The Outer Worlds Switch Review: Spacer's Choice
In the dystopian landscape of The Outer Worlds, the galaxy has been colonized by corporations that underpay workers in hazardous conditions and sell their otherworldly goods and services at marked-up prices to the starved populous.
Among the least reputable of these morally bankrupt companies is Spacer's Choice, famous for its blatantly inferior craftsmanship. In the real landscape of video game platforms, the Switch version of The Outer Worlds is the Spacer's Choice version of the game. It's immediately recognizable as the lesser version.
But if it's your only way to play the RPG, or if you want to make it portable, some technical deficiencies don't derail one of 2019's best games from being one of 2020's most exciting Switch ports.
The Outer Worlds Switch Review: Spacer's Choice
The Outer Worlds is a first-person RPG from Obsidian Entertainment, which immediately excites a certain number of people. It's new to Switch as of this week and brings a somewhat revised version of itself to the platform, but let's start with what's the same.
The Outer Worlds has an abundance to say, and it uses biting satire to tell a lot of it. Every poster is a takedown of an economy based on corporate greed, and most characters are either the players or being played. Despite that line in the sand, The Outer Worlds' greatest feat is how it builds real characters into its plot at every opportunity.
There are NPCs with whom you cannot interact, but the number of characters who are quest givers with fleshed-out stories and opinions is remarkable. TOW was once billed as a Fallout Lite experience, but in few ways does it feel lacking compared to something like New Vegas, which the team at Obsidian made during the last generation.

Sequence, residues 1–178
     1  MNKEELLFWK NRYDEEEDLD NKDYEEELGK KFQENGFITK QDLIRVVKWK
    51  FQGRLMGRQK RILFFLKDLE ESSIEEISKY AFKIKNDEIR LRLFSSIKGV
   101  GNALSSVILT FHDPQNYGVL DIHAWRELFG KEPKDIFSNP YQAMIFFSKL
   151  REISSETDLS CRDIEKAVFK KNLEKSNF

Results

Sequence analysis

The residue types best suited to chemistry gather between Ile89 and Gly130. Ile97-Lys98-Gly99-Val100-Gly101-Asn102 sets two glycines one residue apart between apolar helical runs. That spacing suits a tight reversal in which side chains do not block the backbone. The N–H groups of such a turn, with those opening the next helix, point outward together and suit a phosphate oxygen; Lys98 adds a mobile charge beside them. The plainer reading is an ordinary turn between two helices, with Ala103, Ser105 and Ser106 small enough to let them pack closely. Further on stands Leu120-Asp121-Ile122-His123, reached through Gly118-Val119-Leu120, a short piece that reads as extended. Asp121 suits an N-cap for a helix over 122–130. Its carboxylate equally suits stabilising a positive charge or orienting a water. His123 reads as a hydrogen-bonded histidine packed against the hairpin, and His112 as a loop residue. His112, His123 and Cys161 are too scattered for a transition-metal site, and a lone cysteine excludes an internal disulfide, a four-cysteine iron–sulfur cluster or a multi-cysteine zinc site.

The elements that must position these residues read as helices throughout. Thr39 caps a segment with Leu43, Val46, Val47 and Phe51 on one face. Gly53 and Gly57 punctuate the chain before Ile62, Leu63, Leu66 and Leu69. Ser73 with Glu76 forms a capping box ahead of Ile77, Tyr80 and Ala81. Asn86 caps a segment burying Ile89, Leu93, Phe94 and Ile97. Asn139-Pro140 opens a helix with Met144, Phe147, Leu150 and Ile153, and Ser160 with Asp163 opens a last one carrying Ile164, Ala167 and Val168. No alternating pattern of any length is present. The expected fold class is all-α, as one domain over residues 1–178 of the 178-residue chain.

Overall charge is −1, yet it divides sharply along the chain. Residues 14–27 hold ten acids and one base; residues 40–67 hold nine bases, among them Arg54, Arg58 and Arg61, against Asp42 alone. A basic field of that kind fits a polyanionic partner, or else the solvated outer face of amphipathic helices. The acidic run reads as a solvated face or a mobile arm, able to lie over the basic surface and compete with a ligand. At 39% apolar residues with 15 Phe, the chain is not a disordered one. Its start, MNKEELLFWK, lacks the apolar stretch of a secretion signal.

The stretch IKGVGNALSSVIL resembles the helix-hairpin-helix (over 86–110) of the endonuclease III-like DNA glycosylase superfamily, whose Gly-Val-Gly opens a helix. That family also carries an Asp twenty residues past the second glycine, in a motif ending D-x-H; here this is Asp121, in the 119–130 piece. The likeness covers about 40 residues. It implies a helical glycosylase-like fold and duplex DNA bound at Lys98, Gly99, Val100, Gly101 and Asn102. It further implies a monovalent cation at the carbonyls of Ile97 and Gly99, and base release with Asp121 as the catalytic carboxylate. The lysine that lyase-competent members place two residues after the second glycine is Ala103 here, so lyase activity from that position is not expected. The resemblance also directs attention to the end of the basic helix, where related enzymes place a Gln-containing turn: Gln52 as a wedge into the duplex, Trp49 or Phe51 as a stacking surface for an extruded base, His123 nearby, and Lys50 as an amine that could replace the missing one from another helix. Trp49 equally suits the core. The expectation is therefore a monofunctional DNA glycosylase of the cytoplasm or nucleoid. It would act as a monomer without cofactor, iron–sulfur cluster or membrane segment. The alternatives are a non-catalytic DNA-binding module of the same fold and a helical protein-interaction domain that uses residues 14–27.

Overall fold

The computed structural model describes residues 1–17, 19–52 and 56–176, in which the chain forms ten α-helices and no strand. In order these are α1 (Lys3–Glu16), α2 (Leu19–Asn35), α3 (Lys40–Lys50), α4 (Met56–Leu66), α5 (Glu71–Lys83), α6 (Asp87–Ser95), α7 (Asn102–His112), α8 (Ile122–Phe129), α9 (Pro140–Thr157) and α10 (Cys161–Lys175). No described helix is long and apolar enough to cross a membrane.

In fact, it's often an improvement on the team's fan-favorite RPG. The Outer Worlds is brimming with reasons to stay in its world. Even your silent protagonist has a bevy of personalities to choose from, including a unique idiot mode where you can respond like a fool if your intelligence is low enough.
It's a constant joy to find new people to meet, learn their stories, and aid them in their quests. While some missions do use tropes of the genre, the major story beats are nuanced and praiseworthy. More than once, I put the controller down to weigh the pros and cons of a decision I was about to make.
You'd think a world where people are either the exploiters or the exploited would fall victim to a binary hero and villain system. Still, the story of The Outer Worlds unfurls with the understanding that life is rarely so black and white, even in a world where a mysterious plague wiping out a settlement is just malnourishment.